The 21st Century Integrated Digital Experience Act (IDEA) was signed into law on Dec. 20, 2018 to bridge the gaps in the modernization of government agency technology and previously non-digital, paper-based processes. Rep. Ro Khanna, D-Calif, who introduced the law, described an indicator of success in IT modernization as “the American citizen feeling that there is no difference between interacting with the private sector and government.”
So what does that entail for government agencies?
GovLoop hosted an online training titled “How the 21st Century IDEA Act Will Transform Gov Services” featuring the following speakers:
- Courtney A. Winship, Chief of the Digital Services Division, Office of Citizenship & Applicant Information Services, U.S. Citizenship & Immigration Services (USCIS)
- Jonathan Benett, Technical Director for Digital Government Solutions, Adobe
- Kelly Olson, Head of Industry Strategy & Marketing, Public Sector, Adobe
Olson spoke first about how technology capabilities that agencies leverage must be ubiquitous to better connect with citizens. “Most citizens expect technology to be readily available, easily accessible and easily meet their needs,” Olson explained. “Many processes are paper-based and barriers to efficient service delivery. The need for digitization has never been greater.”
Everyone benefits when technology is leveraged to reduce costs, improve savings and deliver better services to citizens.
Additionally, Olson asserted that “public trust improves as citizens have positive interactions with their government.”
A recent Accenture survey brought up by Olson noted that 58 percent of citizens are satisfied with the quality of services they receive from the federal government. Eighty-five percent say they expect the same or higher quality services from government compared to the private sector.
If that’s not enough of a driver to embrace digital services, “antiquated technology is costly to maintain and poses threats inside and outside the firewall,” Olson stated.
Some common agency challenges include:
According to Olson, “an efficient government ensures that citizens don’t have to spend as much time or effort requesting the services they need.”
Gaining momentum to create an integrated digital experience through service delivery is also important across government. That momentum can be accelerated by considering the following priorities:
Recent legislative and executive policy momentum includes:
- Connected Government Act: recommends more mobile-friendly interfaces
- Modernizing Government Technology (MGT) Act: modernize legacy IT systems
- Cross-agency priority goal: improve the customer experience of federal services
- 21st Century IDEA: expands and accelerates digitization of federal processes and services
Here’s an implementation timeline based on the 21st Century IDEA:
Winship pointed to the necessity of having a modern interface on the USCIS website, which has more than 20 million website visitors each month and over 350,000 visits each day.
“Our team is very mission-driven,” Winship said. “We look for certain skill sets and to the best partners. We’re agile and user-centered, and we use those methodologies in our design work.”
The agency’s goal, according to Winship, is to create more efficiency by allowing individuals to self-service. “We’re allowing for greater transparency and taking some of the weight off of our officers,” Winship stated. “The goal is to create that 360-[degree] view and help people interact more naturally with USCIS.”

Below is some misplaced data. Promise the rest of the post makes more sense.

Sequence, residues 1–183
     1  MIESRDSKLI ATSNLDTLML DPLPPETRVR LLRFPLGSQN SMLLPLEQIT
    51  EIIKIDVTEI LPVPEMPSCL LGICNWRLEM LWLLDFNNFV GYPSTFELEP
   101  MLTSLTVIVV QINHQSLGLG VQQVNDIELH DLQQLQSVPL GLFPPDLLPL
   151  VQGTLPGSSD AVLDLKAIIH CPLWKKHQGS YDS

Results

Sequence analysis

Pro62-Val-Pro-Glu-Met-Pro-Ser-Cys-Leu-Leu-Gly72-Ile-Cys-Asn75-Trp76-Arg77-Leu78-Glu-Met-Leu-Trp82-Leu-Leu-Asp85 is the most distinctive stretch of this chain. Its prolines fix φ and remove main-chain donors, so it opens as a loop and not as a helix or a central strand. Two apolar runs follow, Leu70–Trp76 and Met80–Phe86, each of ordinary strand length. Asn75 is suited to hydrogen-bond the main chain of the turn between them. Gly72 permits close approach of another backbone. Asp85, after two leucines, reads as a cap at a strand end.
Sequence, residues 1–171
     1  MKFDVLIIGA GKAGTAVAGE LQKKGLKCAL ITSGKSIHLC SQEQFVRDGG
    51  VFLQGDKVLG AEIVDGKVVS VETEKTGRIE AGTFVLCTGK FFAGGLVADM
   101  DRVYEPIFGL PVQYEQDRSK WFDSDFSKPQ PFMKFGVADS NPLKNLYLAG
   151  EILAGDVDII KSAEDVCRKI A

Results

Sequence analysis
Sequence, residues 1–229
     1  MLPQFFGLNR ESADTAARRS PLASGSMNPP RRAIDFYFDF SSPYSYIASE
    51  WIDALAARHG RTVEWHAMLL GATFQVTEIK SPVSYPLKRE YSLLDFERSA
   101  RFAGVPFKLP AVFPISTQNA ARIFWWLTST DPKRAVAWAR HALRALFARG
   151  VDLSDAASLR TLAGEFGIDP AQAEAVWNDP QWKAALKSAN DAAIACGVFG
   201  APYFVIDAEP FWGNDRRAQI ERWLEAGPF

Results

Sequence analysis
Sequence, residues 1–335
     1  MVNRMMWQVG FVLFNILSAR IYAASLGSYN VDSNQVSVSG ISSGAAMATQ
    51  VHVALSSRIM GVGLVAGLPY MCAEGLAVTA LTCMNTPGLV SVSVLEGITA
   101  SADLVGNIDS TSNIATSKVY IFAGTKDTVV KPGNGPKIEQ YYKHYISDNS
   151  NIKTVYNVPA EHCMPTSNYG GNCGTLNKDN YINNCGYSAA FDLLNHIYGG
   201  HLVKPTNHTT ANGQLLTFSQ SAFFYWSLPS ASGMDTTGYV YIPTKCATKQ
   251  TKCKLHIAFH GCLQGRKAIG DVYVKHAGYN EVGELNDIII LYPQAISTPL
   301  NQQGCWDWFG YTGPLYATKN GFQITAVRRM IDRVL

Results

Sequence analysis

USCIS has been identified as a high-impact service provider, so there are certain standards that they have to commit to. According to Winship, there’s always room for improvement.
“Being in government, we all have rules, regulations and compliance factors that influence our decision making, but you do need to find your comfort level with risk,” Winship advised. “Balance that risk with what makes sense, and always look for executive support wherever you can find it.”
Benett highlighted that “most interactions with governments require forms and documents and signatures, which are all often ignored as part of the customer experience.” He pointed to many success stories of how Adobe has been used in different modernization efforts. Two examples include:
- National Center for Missing & Exploited Children: Adobe Experience Cloud powered missingkids.org, and the platform contributed to a 97 percent recovery rate of all missing children reported to the organization. Online engagement also improved, with 90 percent of website visitors clicking on content and a 56 percent lower bounce rate year over year. There was also greater fundraising success, with 218 percent more traffic driven to donation pages.
- T-Mobile: The company migrated from a legacy Content Management System (CMS) and launched its first major release in only five months, resulting in 80 percent faster page load times. “They wanted one scalable, integrated platform,” Benett said. “Ultimately, we helped them deliver a more personalized integrated digital experience for their customers.”
Working with executive leadership is crucial to driving change, according to Benett. He outlined the below questions for employees to consider when making the case to management:
- Do you have an idea for a program or initiative that can improve government services for the citizen/employee?
- What is the net financial impact for your organization if this process were to be automated?
- How would it benefit the public and the ability to deliver services faster, with more efficiency?
- How would it benefit employees and their productivity?
How are you driving digitization in your workplace? Let us know in the comments below.